CHICAGO (WBBM/CBS) — Officials at the CTA, Metra and Pace say they are striving for normal weekday service Friday.
Metra is expecting to operate normal service on all of its lines Friday, as are the CTA and Pace, with one exception. There will be no service on the Pace 892/Hammond-Hodgkins UPS route.
Pace will also restore service Friday morning on the three Niles Free Bus routes for the first time since the blizzard that dumped 20.2 inches of snow on the area.
WBBM Newsradio 780’s Bob Roberts reported that there were a few problems as they got back on their feet Thursday, just one day after the snow stopped flying.
During the afternoon rush Thursday, the Chicago Transit Authority had to employ a brief bus shuttle because of an electrical fire at the Cermak-Chinatown Red Line station.
LISTEN: Newsradio 780’s Bob Roberts reports
Problems also arose on the ‘L’ during the morning rush. On the Blue Line, there was a 20-minute delay due to an equipment problem, which resulted in extremely crowded trains and long waits for riders, CTA President Richard Rodriguez said Thursday.
Many Blue Line riders discovered that trains were so packed that they couldn’t get on.
Meanwhile, Metra encountered some mechanical and switching problems Thursday. Two automobiles left on the tracks caused the most severe delays, in Hinsdale and Arlington Heights.
Pace spokesman Patrick Wilmot said full service operated Thursday on its 200 routes, in contrast to the handful that operated Wednesday morning and the 50 that operated Wednesday afternoon. He said delays were not uncommon because of the inability of plow crews to clear all lanes of some of the thoroughfares on which Pace buses operate.
So far, there is no sign of the mechanical problems that crippled public transit during the blizzards of 1979 and 1999.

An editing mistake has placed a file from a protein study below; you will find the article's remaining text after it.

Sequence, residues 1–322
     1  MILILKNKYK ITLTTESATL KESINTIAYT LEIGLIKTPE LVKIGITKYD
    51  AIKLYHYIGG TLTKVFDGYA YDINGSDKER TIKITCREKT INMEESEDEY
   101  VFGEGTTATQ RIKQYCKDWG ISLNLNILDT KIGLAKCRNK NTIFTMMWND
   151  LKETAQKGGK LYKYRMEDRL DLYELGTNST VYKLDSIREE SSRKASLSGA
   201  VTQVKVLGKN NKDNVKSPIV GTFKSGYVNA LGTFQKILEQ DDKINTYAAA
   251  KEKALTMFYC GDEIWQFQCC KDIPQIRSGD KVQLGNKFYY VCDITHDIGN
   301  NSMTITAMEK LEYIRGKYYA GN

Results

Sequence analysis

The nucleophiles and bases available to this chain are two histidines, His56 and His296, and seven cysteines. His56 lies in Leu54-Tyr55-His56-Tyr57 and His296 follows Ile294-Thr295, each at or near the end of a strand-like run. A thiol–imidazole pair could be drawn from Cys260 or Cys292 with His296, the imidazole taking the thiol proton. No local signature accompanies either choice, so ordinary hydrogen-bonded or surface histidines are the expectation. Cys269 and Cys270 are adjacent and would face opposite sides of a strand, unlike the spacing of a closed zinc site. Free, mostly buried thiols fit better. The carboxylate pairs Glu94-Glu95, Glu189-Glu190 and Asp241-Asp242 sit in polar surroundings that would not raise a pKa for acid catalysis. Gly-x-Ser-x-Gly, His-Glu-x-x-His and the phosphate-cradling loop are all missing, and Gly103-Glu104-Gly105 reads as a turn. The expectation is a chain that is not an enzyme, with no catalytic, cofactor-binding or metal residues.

On Jan. 13 and 14, 1979, 18.8 inches of snow fell on top of 7 to 10 inches already on the ground. The CTA tried to push ‘L’ train cars through the snow, resulting in damage to brakes, generators, motors and couplers, Chicago-L.org recalls. Meanwhile, road salt shorted out rail circuits and caused fires, and by Jan. 29, half the train cars were out of service, the Web site reported.
The ‘L’ became so overcrowded that some people rode outside between train cars, or on the ends of train cars, even though the temperature was below zero. Some people even jumped off moving express trains to get to their stops, Chicago-L.org reported.
Meanwhile, a decision to bypass African-American neighborhoods on the West Side on trains making runs from downtown to Oak Park made many Chicagoans angry. The problems on the CTA contributed to Mayor Michael Bilandic’s loss to Jane Byrne in the February mayoral primary.
On Jan. 1-3, 1999, 21.6 inches of snow fell on Chicago. While the recovery in that case was aided by the storm occurring over a holiday weekend, the O’Hare branch of the CTA Blue Line was put out of service for days in 1999 because of problems that forced rebuilding of the power-carrying third rail.